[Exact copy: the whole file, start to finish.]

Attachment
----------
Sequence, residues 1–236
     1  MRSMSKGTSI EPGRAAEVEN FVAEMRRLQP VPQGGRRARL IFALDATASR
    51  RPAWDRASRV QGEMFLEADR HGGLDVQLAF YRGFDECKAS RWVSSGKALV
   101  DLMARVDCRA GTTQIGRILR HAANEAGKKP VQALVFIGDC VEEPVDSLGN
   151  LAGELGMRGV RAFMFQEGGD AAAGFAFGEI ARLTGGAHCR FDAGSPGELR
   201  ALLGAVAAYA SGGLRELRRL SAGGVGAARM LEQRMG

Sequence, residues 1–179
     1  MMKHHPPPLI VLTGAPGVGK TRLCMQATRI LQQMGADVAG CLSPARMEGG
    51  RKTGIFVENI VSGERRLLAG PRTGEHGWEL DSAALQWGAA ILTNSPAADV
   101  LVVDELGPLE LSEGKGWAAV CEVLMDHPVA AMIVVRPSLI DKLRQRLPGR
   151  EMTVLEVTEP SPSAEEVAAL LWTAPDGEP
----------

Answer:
Sequence, residues 1–236
     1  MRSMSKGTSI EPGRAAEVEN FVAEMRRLQP VPQGGRRARL IFALDATASR
    51  RPAWDRASRV QGEMFLEADR HGGLDVQLAF YRGFDECKAS RWVSSGKALV
   101  DLMARVDCRA GTTQIGRILR HAANEAGKKP VQALVFIGDC VEEPVDSLGN
   151  LAGELGMRGV RAFMFQEGGD AAAGFAFGEI ARLTGGAHCR FDAGSPGELR
   201  ALLGAVAAYA SGGLRELRRL SAGGVGAARM LEQRMG

Sequence, residues 1–179
     1  MMKHHPPPLI VLTGAPGVGK TRLCMQATRI LQQMGADVAG CLSPARMEGG
    51  RKTGIFVENI VSGERRLLAG PRTGEHGWEL DSAALQWGAA ILTNSPAADV
   101  LVVDELGPLE LSEGKGWAAV CEVLMDHPVA AMIVVRPSLI DKLRQRLPGR
   151  EMTVLEVTEP SPSAEEVAAL LWTAPDGEP